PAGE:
Compassion and advocacy also fuel Christian culture impact. Through activities of culture impact, Christians act on God’s commands to care for people who are helpless, oppressed, infirmed, poor, afflicted or needy. Tyrannical violence, natural disasters, terrible accidents, droughts, floods, plagues and pandemics constantly replenish the earth’s inventory of human need. Saints respond out of God’s purpose of compassion. They respond in God’s name, with faith in Him, so the world can see him.
Out of compassion and advocacy, believers fight to protect life, families, parental rights and more. They also rebuild storm and flood ravaged homes, feed hungry people, dig water wells in deserts and more. They offer comfort and care - a kind of human hope - where people feel overwhelmed.
The final purpose driving Christians into cultural activism is God’s plan for government. God created governments to serve people, not possess them. Christians on local and world stages advocate for morality, human rights and humanitarian causes. In their own cities and villages, they promote the biblical punishment of evil doers and the reward of those who do good. They seek these things in the activities, laws and structures of governments.
Sometimes, Christian purposes parallel political purposes. At other times, Christian and political purposes diverge sharply. No political ideology, political party or government structure fully reflects God’s ideals, so Christians keep actively living their faith in public and on purpose for impact. They are Christ’s ambassadors in every place and on every issue.
Note: This series was written for The Baptist New Mexican the news journal of the Baptist Convention of New Mexico. It's ten descriptions apply to any Baptist Christian, not just Baptists from New Mexico. This is article 11 in the series.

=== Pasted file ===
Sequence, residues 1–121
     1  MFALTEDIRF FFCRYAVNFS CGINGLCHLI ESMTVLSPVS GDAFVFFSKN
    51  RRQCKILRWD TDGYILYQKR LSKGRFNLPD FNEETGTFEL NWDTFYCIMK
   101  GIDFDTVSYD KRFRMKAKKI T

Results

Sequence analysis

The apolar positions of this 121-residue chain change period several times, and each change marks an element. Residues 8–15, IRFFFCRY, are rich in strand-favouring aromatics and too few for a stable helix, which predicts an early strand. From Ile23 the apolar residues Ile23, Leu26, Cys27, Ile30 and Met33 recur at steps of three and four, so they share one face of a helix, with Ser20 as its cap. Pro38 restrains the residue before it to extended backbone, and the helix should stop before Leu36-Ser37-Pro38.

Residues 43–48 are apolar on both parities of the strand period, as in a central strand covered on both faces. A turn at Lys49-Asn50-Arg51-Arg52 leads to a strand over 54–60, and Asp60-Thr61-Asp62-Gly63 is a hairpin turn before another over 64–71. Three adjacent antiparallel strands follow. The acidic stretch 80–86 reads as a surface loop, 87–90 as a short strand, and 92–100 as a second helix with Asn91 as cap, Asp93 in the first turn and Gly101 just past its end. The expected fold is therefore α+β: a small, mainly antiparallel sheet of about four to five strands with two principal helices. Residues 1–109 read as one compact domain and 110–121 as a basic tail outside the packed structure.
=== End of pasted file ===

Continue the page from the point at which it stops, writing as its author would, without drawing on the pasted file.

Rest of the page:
A Christian’s lifestyle constantly reflects either positively or negatively upon his or her Savior, Jesus. Actions and lifestyles matter. They affect Jesus’ message to humanity and either reinforce or discredit a believer’s doctrinal identity (like being a Baptist). That is why Christlike living must precede doctrinal identities and their theological debates.
The biblical writer Paul explained behavior’s influence. He described how New-Testament-era Christians, ones who were slaves, should submit to their masters – how their behavior affected Jesus’ message. He wrote: “Urge bondslaves to be subject to their own masters in everything, to be well pleasing … showing all good faith that they may adorn the doctrine of God our Savior in every respect” (Titus 2:10).
Through life-encompassing faithfulness, honesty and hard work, Titus said those slaves could “adorn” or decorate Jesus’ teachings. His use of the term “adorn” is a metaphor that means to “embellish with honor.” Those believers, in the way they conducted themselves, either embellished Jesus’ teachings with honor and respect or tarnished it with dishonor. Basically, the right lifestyle glorified and validated Jesus and His teachings.
With Paul’s principle in mind, I positioned the following description of a Baptist New Mexican just before the last item, not first: He embraces Baptist beliefs and practices. The placement may seem odd for a Baptist New Mexican. Since a particular collection of doctrines defines a believer as a Baptist Christian, why would that description come so late in the list. Paul left a clue.